23 A message about Tyre:
For a period under David and Solomon, the Israelites live in harmony with their neighbors. But jealousy and envy are frequently under the surface. The people of Israel occupy a key location that becomes a battleground for domination by world powers because of its important trade routes. At some point, every single one of Israel’s neighbors attacks and abuses this little nation. This oracle has to do primarily with the city of Tyre, a port on the Phoenician coast famous for the people’s advanced technologies and skills in shipbuilding, sailing, and trading. But those who sail across the Mediterranean so easily are getting ready to face hard times.
Cry out in anguish, you who travel the Mediterranean from east to west!
Cry out, Tarshishian ships, because Tyre is no more.
It is devastated—no houses, no harbor—nothing is left.
The people from Cyprus have witnessed it.
2 Grieve quietly, you people along the coast,
you merchants of Sidon, who cross the sea.
3 You go through great waters in boats filled with the grain of Shihor;
the harvest of the Nile was Tyre’s revenue;
She was the marketplace of the nations.
4 Shame runs deep for Sidon since the sea has said,
“I bore and raised no sons or daughters as my own.”
5 Egypt will be terribly upset, too,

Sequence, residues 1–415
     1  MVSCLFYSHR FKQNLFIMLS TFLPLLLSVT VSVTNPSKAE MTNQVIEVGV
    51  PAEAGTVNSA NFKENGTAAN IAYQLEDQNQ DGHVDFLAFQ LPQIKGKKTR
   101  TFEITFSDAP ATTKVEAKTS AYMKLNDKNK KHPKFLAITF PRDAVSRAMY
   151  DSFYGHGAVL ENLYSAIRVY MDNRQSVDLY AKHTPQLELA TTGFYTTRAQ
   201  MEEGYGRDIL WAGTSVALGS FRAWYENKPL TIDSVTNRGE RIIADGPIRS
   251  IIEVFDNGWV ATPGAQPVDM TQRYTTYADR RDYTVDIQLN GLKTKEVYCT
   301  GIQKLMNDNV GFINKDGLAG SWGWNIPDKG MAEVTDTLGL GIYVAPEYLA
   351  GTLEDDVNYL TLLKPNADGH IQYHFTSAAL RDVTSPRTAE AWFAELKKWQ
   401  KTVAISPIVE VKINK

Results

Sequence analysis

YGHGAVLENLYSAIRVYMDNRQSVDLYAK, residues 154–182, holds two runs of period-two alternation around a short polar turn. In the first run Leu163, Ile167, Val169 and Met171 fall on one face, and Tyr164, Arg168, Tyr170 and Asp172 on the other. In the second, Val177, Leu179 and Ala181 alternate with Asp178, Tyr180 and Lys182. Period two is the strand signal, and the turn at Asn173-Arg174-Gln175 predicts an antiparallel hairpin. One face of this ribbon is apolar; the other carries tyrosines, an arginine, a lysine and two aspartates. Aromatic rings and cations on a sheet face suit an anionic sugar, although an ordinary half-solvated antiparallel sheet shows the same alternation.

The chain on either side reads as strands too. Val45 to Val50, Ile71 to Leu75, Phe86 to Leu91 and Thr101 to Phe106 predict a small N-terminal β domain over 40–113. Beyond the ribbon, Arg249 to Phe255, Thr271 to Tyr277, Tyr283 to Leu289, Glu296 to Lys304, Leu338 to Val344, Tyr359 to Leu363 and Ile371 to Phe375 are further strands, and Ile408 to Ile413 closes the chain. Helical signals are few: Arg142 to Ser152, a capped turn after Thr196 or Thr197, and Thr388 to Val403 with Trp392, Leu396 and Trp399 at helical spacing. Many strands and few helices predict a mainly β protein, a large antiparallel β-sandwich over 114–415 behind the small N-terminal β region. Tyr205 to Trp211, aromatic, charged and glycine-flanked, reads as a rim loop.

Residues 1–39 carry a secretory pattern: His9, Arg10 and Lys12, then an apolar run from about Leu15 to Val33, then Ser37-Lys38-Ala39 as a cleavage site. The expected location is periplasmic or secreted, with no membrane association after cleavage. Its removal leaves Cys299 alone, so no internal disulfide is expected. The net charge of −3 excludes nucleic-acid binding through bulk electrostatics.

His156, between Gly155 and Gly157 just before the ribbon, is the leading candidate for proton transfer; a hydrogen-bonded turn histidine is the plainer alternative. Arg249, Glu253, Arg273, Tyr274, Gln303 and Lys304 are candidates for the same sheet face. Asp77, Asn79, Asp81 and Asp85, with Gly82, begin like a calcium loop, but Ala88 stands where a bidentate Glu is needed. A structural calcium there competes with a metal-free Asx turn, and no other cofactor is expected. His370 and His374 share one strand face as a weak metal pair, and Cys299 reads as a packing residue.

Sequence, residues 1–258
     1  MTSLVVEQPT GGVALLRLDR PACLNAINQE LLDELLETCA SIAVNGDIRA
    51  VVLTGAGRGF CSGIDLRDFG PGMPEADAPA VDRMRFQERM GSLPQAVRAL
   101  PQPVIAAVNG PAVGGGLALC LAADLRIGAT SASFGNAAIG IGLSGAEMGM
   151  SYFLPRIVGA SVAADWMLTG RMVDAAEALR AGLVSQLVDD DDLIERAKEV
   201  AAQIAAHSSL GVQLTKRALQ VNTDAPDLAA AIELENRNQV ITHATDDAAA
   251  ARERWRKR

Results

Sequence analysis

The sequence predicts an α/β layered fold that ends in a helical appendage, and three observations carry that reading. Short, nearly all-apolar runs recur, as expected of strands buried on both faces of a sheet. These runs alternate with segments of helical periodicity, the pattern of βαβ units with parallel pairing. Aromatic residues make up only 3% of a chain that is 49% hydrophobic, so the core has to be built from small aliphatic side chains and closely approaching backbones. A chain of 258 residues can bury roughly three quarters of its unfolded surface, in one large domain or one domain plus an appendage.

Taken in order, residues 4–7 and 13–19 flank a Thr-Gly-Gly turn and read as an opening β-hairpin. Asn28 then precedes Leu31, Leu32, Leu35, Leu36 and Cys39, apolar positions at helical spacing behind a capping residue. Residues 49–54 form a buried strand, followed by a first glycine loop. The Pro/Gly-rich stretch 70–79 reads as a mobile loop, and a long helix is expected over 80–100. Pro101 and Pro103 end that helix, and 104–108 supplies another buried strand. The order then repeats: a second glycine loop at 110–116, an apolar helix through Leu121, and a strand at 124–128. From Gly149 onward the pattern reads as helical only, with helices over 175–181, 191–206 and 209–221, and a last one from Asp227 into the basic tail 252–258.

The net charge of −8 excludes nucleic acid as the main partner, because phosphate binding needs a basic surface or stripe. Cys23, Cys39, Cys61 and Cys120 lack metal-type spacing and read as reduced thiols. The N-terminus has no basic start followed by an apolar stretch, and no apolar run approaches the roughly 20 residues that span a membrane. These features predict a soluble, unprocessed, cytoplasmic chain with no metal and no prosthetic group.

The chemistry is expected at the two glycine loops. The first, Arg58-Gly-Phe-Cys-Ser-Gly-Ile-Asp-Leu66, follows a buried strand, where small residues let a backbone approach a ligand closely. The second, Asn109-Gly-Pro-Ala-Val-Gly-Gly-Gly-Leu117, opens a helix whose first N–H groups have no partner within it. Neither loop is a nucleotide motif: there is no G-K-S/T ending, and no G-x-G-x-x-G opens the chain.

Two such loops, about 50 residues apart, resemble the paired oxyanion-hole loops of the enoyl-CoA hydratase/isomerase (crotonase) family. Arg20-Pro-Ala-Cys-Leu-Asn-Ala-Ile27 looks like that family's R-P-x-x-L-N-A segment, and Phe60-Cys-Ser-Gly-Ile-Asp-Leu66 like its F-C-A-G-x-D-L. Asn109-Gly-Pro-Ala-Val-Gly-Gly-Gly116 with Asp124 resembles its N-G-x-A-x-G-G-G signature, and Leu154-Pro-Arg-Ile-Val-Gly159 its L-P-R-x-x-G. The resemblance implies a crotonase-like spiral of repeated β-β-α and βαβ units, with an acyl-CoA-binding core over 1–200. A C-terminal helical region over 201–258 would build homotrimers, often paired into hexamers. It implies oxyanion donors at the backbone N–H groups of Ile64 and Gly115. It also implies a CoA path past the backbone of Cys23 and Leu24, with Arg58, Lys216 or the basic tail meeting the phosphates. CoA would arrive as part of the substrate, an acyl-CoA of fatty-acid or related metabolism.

when they learn about Tyre’s destruction.
6 So you who live along the coast,
make for Tarshish, and bewail your fate.
7 One wonders: could this really be the same city?
It was so jubilant, so magnificent, so commanding for its trade.
Is this the city that’s been around longer than memory
and her citizens have traveled to exotic, faraway places?
8 Tyre’s merchants and traders were princes and nobles,
respected everywhere around the world.
Who did this to Tyre,
a city that awards honor with crowns?
9 The Eternal, Commander of heavenly armies, has determined,
Tyre should be destroyed, wrecked, and disgraced
To spoil the foolish arrogance of all glory and
to show how insignificant earthly honors are.
10 People of Tarshish, you should traverse your land as if it were the Nile.
With Tyre out of the way, there’s nothing to stop you anymore.
11 God’s power extends across the sea;
He has terrified the nations,
turning Canaan loose against them to demolish their fortresses.
12 Eternal One: The celebration is over, downtrodden virgin daughter of Sidon.
There’s nothing left of you to take pride in.
Go ahead, pack up and move to Cyprus.
But you still won’t find rest.
13 Just look at the land of the Chaldeans in southern Mesopotamia. There are no such people anymore. The Assyrians came along, took it over, and left it for the desert animals; they built their siege machines, stripped its palaces, and determined that it should be ruined.
14 Cry out in anguish, ships of Tarshish
because your fortress is no more.
15 Tyre will be forgotten for 70 years—the lifespan of a king. After that Tyre’s fate will be like the song of the prostitute:
16 “O forgotten woman, yesterday’s prostitute,
take up a harp, and walk about the city.
Play it well, and sing your melodies,
so you will be remembered.”
17 When 70 years have passed, the Eternal will visit Tyre, and she’ll return to her wicked ways—selling herself to all the countries of the world. 18 But everything Tyre earns—her profit, her goods—won’t be stored or saved: all will be devoted to the Eternal; her stocks will supply all the food and fine clothing needed by those who serve in the presence of the Eternal One.